Right now, no one knows whether President Biden’s business tax proposals will become law. Which means planning for any changes is tricky.
Yet the proposed tax laws change vast parts of the Internal Revenue Code. Especially for entrepreneurs and active investors.
And then the real issue here: By the time we do know all the details? Your room to maneuver may be limited.
Given all this, entrepreneurs and investors want to understand now how Mr. Biden proposes changing the tax laws that apply to small businesses. And in this blog post, we focus on one part of the proposed change: how small business C corporation tax laws might change.
But let’s get into the details… and then let’s also talk briefly about what you might want to do soon to minimize the impact on your ventures.
Biden Tax Plan Hits Small C Corporations Two Ways
Two tax rate changes proposed by Mr. Biden hit a handful of small business corporations hard.
First, the corporate tax rate increases from 21 percent to 28 percent. But not all corporations pay federal income taxes. The Biden administration proposal discussed here affects those corporations, called C corporations, that do pay income taxes. So that’s the first change small business corporations face.
And a second tax rate increase also impacts some of the entrepreneurs who own and operate these small business corporations. If a small business owner has other income that equals or exceeds $1,000,000—say the entrepreneur and his or her spouse earn $1,000,000 in wages and other income—the tax rate on C corporation dividends goes from 20 percent to 39.6 percent.
In combination, these two tax rate changes bump the federal taxes some high-income small businesses pay by about 50 percent as shown in the table that follows:
|Current tax law for “C” corp||Proposed tax law for “C” corp|
|Corporate tax (either 21% or 28%)||$210,000||$280,000|
|After-tax income paid as dividends||$790,000||$720,000|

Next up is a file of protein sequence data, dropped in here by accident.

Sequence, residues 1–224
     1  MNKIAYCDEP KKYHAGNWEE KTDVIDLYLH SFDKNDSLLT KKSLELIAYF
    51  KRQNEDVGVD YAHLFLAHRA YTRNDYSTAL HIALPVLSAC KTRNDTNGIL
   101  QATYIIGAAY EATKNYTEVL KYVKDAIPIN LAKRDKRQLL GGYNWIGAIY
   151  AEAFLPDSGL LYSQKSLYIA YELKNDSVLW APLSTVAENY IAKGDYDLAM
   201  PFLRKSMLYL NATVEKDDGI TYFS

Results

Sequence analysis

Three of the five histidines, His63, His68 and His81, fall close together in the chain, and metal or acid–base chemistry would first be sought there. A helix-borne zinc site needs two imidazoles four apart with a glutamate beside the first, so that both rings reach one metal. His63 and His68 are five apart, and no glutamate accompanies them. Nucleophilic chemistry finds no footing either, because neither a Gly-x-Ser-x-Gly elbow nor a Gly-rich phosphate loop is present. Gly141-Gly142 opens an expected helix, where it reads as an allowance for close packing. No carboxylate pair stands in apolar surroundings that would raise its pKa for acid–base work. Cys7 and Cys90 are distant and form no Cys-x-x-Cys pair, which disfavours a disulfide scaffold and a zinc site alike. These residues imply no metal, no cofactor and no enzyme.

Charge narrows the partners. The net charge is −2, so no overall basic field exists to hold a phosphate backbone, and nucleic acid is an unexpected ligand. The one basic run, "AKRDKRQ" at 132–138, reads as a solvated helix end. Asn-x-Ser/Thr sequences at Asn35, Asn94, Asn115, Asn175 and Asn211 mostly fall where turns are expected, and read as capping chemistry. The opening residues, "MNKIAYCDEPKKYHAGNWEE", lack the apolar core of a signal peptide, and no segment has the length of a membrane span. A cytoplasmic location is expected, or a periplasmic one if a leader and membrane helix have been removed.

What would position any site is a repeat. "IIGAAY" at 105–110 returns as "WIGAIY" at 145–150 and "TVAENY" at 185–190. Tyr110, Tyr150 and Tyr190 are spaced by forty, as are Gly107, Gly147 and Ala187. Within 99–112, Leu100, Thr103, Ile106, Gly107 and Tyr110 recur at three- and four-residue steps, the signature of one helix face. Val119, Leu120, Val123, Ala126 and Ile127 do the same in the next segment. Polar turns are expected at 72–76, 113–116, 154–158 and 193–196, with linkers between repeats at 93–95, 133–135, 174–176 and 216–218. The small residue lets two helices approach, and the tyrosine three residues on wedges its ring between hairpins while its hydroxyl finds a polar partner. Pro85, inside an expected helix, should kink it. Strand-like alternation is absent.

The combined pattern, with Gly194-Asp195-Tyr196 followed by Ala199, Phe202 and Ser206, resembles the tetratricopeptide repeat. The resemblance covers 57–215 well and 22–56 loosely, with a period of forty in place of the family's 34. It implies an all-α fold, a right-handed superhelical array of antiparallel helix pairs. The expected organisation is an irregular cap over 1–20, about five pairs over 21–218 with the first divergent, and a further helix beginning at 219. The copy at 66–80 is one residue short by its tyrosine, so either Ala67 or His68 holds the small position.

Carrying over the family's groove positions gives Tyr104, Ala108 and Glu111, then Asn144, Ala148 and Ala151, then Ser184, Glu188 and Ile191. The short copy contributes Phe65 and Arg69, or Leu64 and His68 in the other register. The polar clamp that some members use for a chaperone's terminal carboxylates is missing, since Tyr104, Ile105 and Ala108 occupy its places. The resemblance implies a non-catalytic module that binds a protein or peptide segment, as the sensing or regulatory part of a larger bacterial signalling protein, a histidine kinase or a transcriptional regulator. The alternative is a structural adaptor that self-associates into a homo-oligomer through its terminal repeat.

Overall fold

|Dividend tax (either 20% or 39.6%)||$158,000||$285,120|
|Net investment income tax||$30,020||$27,360|
|Actual after-tax income||$601,980||$407,520|
To summarize, federal taxes currently take roughly 40 percent of a really successful C corporation’s business income. And Mr. Biden proposes taking as much as 60 percent of these businesses’ profit when the owners earn a seven-figure income.
Avoiding the Biden Tax Increases: Option #1
Most small business corporations don’t operate as C corporations. And those that do, mostly don’t generate enough profit to pay all of the higher tax rates proposed. (Even the smallest profitable C corporation, however, will pay the new higher 28 percent corporate tax rate.)
However, if your small business corporation will get really hit? You probably want to talk with your accountant now about taking steps to reduce or even avoid some of the tax bump.
Two options seem worthy of consideration:
First, small business corporations with large retained earnings balances may want to pay large qualified dividends before 2021 ends.
Mr. Biden’s American Families Plan taxes qualified dividends earned by high income taxpayers at a lower rate in 2021 (20 percent or 37 percent) than in 2022 and later years (39.6 percent).
Note: Mr. Biden wants to step up the tax rate on qualified dividends twice for the highest tax bracket taxpayers. The first step from 20 percent to 37 percent occurs sometime during 2021—but no one is sure exactly when. A second step from 37 percent to 39.6 percent occurs on January 1, 2022.